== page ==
The reason that oil viscosities have gotten thinner is because bearing clearances have become smaller. Using thicker oils will interfere with oil flow and the oil pressure will increase. In a worn engine it may be okay to increase the viscosity of the oil because the bearing clearances have become larger.

Interesting information.:undecided
 

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I did a little research to support my method. I also found one to support yours in the same article. So "technically" we are both right:thumbsup:

Is there a disadvantage to using an oil that flows better when cold, i.e. 5W30 versus 10W30?
Sometimes, but usually not. The crux of the issue is this: the bigger the difference between the cold oil viscosity and the hot oil viscosity, the more the volume of viscosity modifiers and the less the volume of base stock. If you are good about following the manufacturer's recommended oil change interval then stick with the 5W30 if that is the preferred oil for your vehicle, even if 10W30 is acceptable in warmer climates. Older cars may specify 10W30 only. This is because they need a little more viscosity when cold to keep a protective film on the cylinder walls. There have been instances where the larger amount of viscosity modifiers that are present in 5W30 have broken down due to excessive heat and have left carbon deposits on the valves, but this is extremely rare. The proper fix would be to reduce the excessive heat, but the workaround was to use an oil with less viscosity modifiers.

And yours:

Thicker is Better Myth
The reason that oil viscosities have gotten thinner is because bearing clearances have become smaller. Using thicker oils will interfere with oil flow and the oil pressure will increase. In a worn engine it may be okay to increase the viscosity of the oil because the bearing clearances have become larger.

Interesting information.:undecided
Interesting yes and while I don't disagree, but you failed to give a link or say where you got this information from. Also are they talking about modern SM rated oil, or previous oils? There is a difference. I've read a lot of UOAs and most of the time the modern 5W-30 oil stays in grade.

The thing I find interesting is that people like to say "Well 5W-30 will shear down after time to a 5W-20". That in some cases is true.
BUT - many people have ran their cars for hundreds of thousands of miles on these "sheared down" oils. As many of you probably know, a lot of manufacturers now recommended (SM) 5W-20 oil to start with - some Fords, Toyota, Honda and Chrysler.

But getting back to the point - I still don't think there is any real benefit to use 10W-30 oil. Maybe IF the engine is worn enough that it is leaking and/or burning oil, okay.
But not in a normal operating engine.
I have seen cases where at operating temps, some 5W-30 will actually be "thicker" than some 10W-30 oils.

I'm not saying you will destroy your engine by using 10W-30 either. Many people will probably not notice the difference one way or another.
 

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Castrol Syntec Blend Truck & SUV (15W 40 & 20W 50)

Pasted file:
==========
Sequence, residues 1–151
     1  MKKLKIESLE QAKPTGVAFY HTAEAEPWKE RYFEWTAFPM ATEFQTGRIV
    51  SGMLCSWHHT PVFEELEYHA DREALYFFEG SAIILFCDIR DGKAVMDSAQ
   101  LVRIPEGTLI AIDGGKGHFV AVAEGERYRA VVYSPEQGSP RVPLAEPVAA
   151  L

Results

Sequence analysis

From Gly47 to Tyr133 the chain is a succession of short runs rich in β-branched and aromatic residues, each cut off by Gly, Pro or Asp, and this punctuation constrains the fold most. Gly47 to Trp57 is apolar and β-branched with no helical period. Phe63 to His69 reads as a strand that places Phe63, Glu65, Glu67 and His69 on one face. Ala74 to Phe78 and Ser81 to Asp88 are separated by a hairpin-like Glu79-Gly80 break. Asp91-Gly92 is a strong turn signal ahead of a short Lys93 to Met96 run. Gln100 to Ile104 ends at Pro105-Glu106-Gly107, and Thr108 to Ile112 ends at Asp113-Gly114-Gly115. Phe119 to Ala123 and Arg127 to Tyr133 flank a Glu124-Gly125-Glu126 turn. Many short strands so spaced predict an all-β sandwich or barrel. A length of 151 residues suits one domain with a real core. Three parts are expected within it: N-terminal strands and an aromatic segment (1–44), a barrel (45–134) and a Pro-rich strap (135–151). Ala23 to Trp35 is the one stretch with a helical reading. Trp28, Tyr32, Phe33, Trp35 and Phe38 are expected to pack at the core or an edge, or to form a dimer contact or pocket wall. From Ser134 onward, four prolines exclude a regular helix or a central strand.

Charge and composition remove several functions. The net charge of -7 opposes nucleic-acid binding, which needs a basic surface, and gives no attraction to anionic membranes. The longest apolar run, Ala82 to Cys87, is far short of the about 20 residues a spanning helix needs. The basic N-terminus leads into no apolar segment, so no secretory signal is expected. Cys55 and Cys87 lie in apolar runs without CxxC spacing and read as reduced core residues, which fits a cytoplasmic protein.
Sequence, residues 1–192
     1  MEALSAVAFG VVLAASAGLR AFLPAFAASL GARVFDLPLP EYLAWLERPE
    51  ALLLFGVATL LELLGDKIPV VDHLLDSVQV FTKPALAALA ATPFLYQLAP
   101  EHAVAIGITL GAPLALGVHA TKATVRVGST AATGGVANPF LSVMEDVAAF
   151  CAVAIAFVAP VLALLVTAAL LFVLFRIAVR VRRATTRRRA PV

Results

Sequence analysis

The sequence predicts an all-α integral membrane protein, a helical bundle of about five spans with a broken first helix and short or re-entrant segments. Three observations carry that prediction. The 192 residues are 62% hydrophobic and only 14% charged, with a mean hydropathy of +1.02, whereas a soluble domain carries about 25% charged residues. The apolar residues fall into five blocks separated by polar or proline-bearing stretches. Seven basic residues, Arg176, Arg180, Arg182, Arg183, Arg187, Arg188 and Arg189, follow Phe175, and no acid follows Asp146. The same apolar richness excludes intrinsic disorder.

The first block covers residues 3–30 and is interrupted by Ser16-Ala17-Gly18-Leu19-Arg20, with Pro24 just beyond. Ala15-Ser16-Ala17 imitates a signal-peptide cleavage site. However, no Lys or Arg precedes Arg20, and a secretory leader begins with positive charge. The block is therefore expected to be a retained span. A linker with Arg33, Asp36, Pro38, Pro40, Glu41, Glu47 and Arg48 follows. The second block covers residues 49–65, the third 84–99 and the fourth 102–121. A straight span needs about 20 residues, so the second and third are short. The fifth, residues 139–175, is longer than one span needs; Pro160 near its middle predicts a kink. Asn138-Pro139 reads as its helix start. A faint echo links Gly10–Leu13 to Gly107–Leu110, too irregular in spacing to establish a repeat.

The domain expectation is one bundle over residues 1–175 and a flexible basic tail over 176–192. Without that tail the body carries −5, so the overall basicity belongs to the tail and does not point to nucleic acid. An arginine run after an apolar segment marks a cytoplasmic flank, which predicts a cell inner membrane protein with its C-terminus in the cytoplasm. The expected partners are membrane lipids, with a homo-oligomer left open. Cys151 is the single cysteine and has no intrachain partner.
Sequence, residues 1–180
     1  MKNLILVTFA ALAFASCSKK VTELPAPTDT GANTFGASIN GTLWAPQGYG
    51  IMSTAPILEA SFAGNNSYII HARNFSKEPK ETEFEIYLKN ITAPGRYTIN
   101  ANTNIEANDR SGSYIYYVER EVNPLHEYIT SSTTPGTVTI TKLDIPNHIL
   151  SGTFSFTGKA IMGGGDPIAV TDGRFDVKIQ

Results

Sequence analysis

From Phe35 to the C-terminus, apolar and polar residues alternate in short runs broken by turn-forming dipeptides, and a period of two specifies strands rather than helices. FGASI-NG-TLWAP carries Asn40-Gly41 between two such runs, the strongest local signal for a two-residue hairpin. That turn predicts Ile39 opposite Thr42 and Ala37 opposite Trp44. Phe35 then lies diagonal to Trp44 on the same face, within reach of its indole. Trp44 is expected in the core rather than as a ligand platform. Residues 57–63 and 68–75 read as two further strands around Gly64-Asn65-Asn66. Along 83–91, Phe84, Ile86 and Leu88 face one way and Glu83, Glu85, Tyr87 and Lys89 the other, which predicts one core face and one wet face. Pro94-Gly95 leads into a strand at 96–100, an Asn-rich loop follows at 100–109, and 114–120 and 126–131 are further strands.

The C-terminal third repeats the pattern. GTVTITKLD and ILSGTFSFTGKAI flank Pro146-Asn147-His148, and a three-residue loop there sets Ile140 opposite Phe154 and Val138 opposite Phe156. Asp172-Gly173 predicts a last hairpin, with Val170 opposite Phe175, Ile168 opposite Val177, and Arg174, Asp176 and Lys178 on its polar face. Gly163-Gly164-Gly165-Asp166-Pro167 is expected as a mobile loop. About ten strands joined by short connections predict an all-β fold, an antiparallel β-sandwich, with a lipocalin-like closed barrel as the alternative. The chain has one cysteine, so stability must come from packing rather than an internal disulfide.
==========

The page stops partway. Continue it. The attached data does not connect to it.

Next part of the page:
Hi all

Im from Venezuela too, and here you can find Castrol Syntec Blend Truck & SUV 15W 40 and 20W 50. I have a TB LTZ 4.2L , 2002 with 105.000 Km.

What´s the Castrol Syntec Blend Truck & SUV 15W 40 and 20W 50 diferences ?

Which of them can I use for my TB with 105k kilometers ??

And

How long kilometers can i take for make the oil service ??

Thanks

Adrian
 

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I Would Use Mobil 1 5w-30 Truck & SUV

Hello; I am surprised that no one recommended the Mobil 1 Truck & SUV 5w-30 Motor Oil. I would NEVER use any other kind of full synthetic. Mobil 1 comes factory filled with the "SS" trailblazers. You say that M1 is hard to get. Well do you have any car stores around you? like car quest, autozone, o reilly's? if they do not stock M1 truck and suv; you can have them order it for you and you can pick it up in their store. did you try walmart? usually they have a great stock full. Ebay also a possibility (sometimes you can get great deals on the oil). As for an oil filter i would recommend a Mobil 1 oil filter also.
Thats what i use in my trailblazer never any problems at all. I use the oil life system and usually comes on around 9-10k. Visit www.mobiloil.com for more information on Mobil 1 & why i agree that it is the only way to go. Also i agree that you should not use 10w-30 or 10w-40 or any other viscosity / weight; Its just way to heavy on these engines and they are not designed for it. Look in your owners manual it says it right in there that you should only use 5w-30 and to use the Oil Life Monitor. That's my :m2: Good Luck. Ed.
 

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It will say in your owners manual. For the 2003, it says to stay away from the 20w-50 and the 10w-40. The 10w-30 is fine if you can't find the 5w-30. There was an episode on Motorweek, on the Gosse's Garage segment. They had a tech from an oil company ( can't remember which). His explanation about the oil thickening at higher temps was along the lines of a type of wax molecules added to the oil. As the oil heats-up, the molecules bind together to increase the viscosity.